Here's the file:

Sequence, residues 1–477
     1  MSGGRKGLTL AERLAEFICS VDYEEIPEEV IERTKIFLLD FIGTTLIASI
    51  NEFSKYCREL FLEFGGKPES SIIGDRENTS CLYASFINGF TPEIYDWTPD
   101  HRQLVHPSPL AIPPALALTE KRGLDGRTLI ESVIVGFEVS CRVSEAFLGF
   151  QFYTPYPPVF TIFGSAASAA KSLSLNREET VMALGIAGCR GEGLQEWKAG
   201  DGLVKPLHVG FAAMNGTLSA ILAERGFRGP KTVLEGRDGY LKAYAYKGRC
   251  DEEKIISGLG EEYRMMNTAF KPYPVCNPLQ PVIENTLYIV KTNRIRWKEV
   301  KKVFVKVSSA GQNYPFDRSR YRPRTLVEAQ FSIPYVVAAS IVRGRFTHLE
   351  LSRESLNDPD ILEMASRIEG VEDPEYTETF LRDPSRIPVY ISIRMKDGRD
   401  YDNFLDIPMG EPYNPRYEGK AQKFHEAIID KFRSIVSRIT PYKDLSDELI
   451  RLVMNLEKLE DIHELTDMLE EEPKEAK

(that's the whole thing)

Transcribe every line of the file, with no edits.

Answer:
Sequence, residues 1–477
     1  MSGGRKGLTL AERLAEFICS VDYEEIPEEV IERTKIFLLD FIGTTLIASI
    51  NEFSKYCREL FLEFGGKPES SIIGDRENTS CLYASFINGF TPEIYDWTPD
   101  HRQLVHPSPL AIPPALALTE KRGLDGRTLI ESVIVGFEVS CRVSEAFLGF
   151  QFYTPYPPVF TIFGSAASAA KSLSLNREET VMALGIAGCR GEGLQEWKAG
   201  DGLVKPLHVG FAAMNGTLSA ILAERGFRGP KTVLEGRDGY LKAYAYKGRC
   251  DEEKIISGLG EEYRMMNTAF KPYPVCNPLQ PVIENTLYIV KTNRIRWKEV
   301  KKVFVKVSSA GQNYPFDRSR YRPRTLVEAQ FSIPYVVAAS IVRGRFTHLE
   351  LSRESLNDPD ILEMASRIEG VEDPEYTETF LRDPSRIPVY ISIRMKDGRD
   401  YDNFLDIPMG EPYNPRYEGK AQKFHEAIID KFRSIVSRIT PYKDLSDELI
   451  RLVMNLEKLE DIHELTDMLE EEPKEAK